(c) 2002 Gabriel Dunne

Original Document: color/shape/sound


The Color/Shape/Sound explorer generates a three-dimensional shape as a result from musical input from the user. The calculator attributes color to certain notes, creating a harmonious relationship between Shape, Color and Sound.

The Circle of Fifths

The Circle of Fifths is a way to learn the key of a given 12-note-scale musical composition. The Circle of Fifths tells you how many sharps or flats are in a given key. The key of C has no sharps or flats, for example. The diagram is called the Circle of Fifths because as you go clockwise you go up a fifth. For example, the fifth note of the C major scale is G. The fifth note of the G major scale is D, and so on.

Notice that every other note is succeeded by the one before. C, skip G, D, skip D, A, etc. Also notice how there are twelve notes corresponding to twelve numbers on a clock. C is in he 12 noon position. G is in the 1 o’clock position (likewise has one sharp; F in the 11 o’clock position.) D is in the two o’clock position (likewise has sharps; F and C). A is in the 3 o’clock position (likewise has 3 sharps; F, C, G). E is in the four o’clock position and has 4 sharps (F, C, G, D). B is in the 5 o’clock position and has 5 sharps (F,C,G,D,A). F# is in the 6 o’clock position and has 6 sharps (F,C,G,D,A,E; everything is sharp except B; notice also how this corresponds with the key of F in which it has one flat, Bb). If you follow the gray lines of the inner star, you can visually see how a single octave of sound is represented in this circular fashion.

As we move clockwise around the wheel, we begin to see a pattern of the amount of sharps contained in each major key. There are no sharps in the key of C. There is one sharp in the key of G, and two in the key of D, etc.

C :
G : F#
D : F#, C#
A : F#, C#, G#
E : F#, C#, G#, D#
B : F#, C#, G#, D#, A#
F#: F#, C#, G#, D#, A#, E#
C#: F#, C#, G#, D#, A#, E#, B#

To count the number of flats, we move counterclockwise along the wheel. There are no flats in the key of C, one in the key of F, two in the key of Bb, etc. Because it’s neater, we write everything as flats.

C :
F : Bb
Bb: Bb, Eb
Eb: Bb, Eb, Ab
Ab: Bb, Eb, Ab, Db
Db: Bb, Eb, Ab, Db, Gb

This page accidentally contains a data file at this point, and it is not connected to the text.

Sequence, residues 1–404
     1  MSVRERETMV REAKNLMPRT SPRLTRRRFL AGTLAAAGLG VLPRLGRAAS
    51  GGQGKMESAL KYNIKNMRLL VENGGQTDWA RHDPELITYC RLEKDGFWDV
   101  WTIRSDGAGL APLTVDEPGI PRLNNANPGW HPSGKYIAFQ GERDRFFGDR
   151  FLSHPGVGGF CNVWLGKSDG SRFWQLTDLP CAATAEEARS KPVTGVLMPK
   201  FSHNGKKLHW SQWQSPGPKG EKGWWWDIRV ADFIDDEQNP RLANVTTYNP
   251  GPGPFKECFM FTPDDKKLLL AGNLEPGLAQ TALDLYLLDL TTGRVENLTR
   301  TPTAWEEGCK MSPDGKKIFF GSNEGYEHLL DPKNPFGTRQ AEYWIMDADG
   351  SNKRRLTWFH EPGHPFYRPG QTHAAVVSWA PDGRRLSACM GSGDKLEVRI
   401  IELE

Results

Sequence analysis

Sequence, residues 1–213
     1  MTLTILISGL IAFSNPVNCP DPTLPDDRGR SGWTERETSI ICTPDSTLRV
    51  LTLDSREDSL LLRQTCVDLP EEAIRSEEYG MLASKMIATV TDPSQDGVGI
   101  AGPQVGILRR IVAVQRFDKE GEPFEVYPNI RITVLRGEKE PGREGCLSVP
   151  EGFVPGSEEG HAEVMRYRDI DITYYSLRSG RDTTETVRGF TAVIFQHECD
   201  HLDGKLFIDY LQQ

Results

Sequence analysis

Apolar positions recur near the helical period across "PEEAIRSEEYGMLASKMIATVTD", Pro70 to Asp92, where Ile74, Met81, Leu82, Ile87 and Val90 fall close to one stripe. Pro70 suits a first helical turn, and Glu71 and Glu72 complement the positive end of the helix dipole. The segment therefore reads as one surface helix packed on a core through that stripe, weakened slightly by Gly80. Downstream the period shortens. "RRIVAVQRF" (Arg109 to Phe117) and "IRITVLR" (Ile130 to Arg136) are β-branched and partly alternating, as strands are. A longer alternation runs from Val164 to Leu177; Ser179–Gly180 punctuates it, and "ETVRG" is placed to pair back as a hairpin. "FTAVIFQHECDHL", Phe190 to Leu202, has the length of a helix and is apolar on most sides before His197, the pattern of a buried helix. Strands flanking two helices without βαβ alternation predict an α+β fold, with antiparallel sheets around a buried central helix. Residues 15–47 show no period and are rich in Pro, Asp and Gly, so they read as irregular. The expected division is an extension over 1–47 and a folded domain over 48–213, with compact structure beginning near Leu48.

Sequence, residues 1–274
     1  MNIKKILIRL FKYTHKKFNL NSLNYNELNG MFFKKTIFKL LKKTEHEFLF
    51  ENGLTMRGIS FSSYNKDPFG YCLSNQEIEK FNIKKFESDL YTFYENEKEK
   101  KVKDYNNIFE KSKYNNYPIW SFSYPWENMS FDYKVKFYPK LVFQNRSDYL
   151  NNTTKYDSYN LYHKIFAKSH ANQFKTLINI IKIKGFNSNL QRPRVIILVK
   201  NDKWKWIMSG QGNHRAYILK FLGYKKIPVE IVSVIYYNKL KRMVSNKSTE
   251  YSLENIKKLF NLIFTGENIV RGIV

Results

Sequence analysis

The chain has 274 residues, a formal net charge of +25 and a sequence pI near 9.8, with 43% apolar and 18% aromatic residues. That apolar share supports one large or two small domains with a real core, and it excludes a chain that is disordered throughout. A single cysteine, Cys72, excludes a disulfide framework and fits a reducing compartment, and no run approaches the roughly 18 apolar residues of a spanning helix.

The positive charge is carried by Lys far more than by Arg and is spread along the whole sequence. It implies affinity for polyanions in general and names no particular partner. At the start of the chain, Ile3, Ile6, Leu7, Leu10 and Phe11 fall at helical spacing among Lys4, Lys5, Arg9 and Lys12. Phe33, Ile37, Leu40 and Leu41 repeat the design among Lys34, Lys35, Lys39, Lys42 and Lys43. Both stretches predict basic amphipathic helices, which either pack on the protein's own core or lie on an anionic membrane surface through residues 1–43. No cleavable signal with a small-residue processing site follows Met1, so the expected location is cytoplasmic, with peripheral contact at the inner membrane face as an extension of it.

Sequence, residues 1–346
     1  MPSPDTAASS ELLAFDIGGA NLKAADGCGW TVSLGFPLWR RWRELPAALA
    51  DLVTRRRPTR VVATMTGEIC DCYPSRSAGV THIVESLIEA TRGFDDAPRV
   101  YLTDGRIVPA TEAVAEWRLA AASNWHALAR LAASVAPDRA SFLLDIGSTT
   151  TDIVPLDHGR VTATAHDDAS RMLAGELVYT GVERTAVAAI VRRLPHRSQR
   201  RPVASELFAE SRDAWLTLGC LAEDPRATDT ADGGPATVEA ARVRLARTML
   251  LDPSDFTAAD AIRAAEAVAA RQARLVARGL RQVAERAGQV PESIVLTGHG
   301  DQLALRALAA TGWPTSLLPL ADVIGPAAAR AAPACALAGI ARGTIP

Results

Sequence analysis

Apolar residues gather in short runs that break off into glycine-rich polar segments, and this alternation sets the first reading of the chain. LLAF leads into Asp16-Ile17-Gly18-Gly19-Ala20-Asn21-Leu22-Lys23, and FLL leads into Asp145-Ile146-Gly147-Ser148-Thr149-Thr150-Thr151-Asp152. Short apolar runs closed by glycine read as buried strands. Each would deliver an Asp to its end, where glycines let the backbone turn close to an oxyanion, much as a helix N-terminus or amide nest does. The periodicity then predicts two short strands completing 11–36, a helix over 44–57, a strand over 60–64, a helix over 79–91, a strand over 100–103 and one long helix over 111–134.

Gb: Bb, Eb, Ab, Db, Gb, Cb
Cb: Bb, Eb, Ab, Db, Gb, Cb, Fb

The Circle of Notes

The Circle of Notes is something I came up with to describe arranging the notes chromatically around a circle. The only relationship between the notes is the actual distance in which they are spaced from each other on the keyboard. C is spaced away from C# the same distance as A is spaced from Bb, etc. Hence, the Circle of Notes is simply a representation of a single octave wrapped to 360 degrees.

The Color Wheel

The Color Wheel describes the relationships between colors. It is laid out so that any two primary (red, yellow, blue) are separated by the secondary colors (orange, violet, and green).

The Color Wheel In Relation to the Circle of Notes

When we composite the Color Wheel behind the Circle of Notes, we can create a working relationship between the two. As we move along the wheel clockwise, we can relate specific notes to specific colors, eventually looping through an octave will also loop through the entire spectrum of color.

According to this model, C relates to Yellow. E relates to Red, and Ab relates to Blue, (the primary colors). If we look at these notes on a keyboard, we can see that they are spaced two tones (steps) apart, or four semi-tones (half steps) apart. An octave consists of twelve semi-tones total, so four semitones is an exact third of an octave. Exactly the same relationship that the primary colors have to the color wheel – they are spaced apart in perfect thirds. By this model, C, E and Ab are the ‘primary notes’ of the octave.

If we rearrange the notes on the Circle of Notes so that the wheel becomes the Circle of Fifths, and let the corresponding colors follow the move, the result is a very dissonant color wheel: